What is nuclear sclerosis?

Updated April 17, 2017

Nuclear sclerosis is a condition of the eyes which affects many animals and some humans. It is a hardening and sometimes discolouration of the lens of the eye. As you get older the lens of your eye becomes less flexible. The eye focuses by changing the thickness of the lens. For closer vision, the lens is thickened. Nuclear sclerosis makes this more difficult.


Sclerosis is defined as a hardening of tissue. Nuclear sclerosis is caused when your eye produces new lens fibres. The old ones remain in place and, therefore, the eye becomes more dense. As the lens becomes more dense, it becomes harder and less flexible.


The most common sufferers of nuclear sclerosis are older dogs. Although quite rare, it can occur in humans, and may not appear until a person is at least 45 years of age.


The most common symptom of the condition is that the eyes of the patient, albeit human or canine, begin to become cloudy. This occurs as you become older. In humans, it is seldom noticed before the mid-forties and in dogs not until they are at least seven years old.


Although nuclear sclerosis is seldom seen in humans, it can present as a cloudiness in the eyes. It is sometimes mistaken for cataracts. In general, it does not effect distance vision. Like most people over 45 years of age, nuclear sclerosis sufferers will notice they may need reading glasses to improve their close vision.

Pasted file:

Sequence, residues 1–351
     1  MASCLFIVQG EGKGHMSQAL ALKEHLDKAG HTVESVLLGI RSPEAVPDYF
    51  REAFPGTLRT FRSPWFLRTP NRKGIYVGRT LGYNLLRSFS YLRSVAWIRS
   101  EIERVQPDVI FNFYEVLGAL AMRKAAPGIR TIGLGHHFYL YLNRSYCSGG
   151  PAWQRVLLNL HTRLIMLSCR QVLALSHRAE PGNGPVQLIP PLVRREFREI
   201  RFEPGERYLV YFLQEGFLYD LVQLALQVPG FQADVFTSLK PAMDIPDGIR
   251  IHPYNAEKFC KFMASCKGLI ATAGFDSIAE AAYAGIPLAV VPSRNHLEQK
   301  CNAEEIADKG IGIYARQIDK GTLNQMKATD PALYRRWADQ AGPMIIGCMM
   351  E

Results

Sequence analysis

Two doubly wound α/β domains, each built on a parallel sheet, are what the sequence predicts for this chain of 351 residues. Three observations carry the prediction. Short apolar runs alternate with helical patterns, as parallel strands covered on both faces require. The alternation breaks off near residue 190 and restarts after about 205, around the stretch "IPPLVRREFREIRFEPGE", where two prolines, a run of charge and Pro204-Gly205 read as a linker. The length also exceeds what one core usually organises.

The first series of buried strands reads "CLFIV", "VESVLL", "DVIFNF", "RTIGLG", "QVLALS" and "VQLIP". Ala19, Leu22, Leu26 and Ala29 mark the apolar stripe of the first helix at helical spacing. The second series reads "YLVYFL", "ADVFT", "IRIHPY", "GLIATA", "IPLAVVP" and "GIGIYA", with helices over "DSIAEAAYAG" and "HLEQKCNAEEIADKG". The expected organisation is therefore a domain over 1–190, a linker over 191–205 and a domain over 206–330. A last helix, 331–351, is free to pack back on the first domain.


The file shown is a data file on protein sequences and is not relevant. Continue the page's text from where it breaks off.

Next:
Nuclear sclerosis is very common in older dogs. Cloudiness begins to form in the centre of the lens and presents itself in both eyes. This is a natural occurrence in the eyes of older dogs. Distance vision does not seem to be impaired, but the dog's perception of objects that are very close is affected. Cataracts can be mistaken for nuclear sclerosis. Cataracts are a more serious condition and, therefore, you should take your dog to the vet for a checkup if and when cloudiness develops in the eyes.


Veterinaries do not treat nuclear sclerosis in dogs; they view it as simply part of the ageing process. In humans, getting some reading glasses will solve the problem. Nonetheless, talk to your doctor if you think you may have this condition.

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About the Author

Les Belzer has been a professor, entrepreneur, farm owner and writer since 1968. He has written in-house articles on education, mathematics and Spanish literature. Since 1999 he has written travel articles for Escapeartist and "International Living." Belzer holds a Bachelor of Arts in Spanish literature from Idaho State University and a Master of Science in math from the Universidad Mayor de San Simon.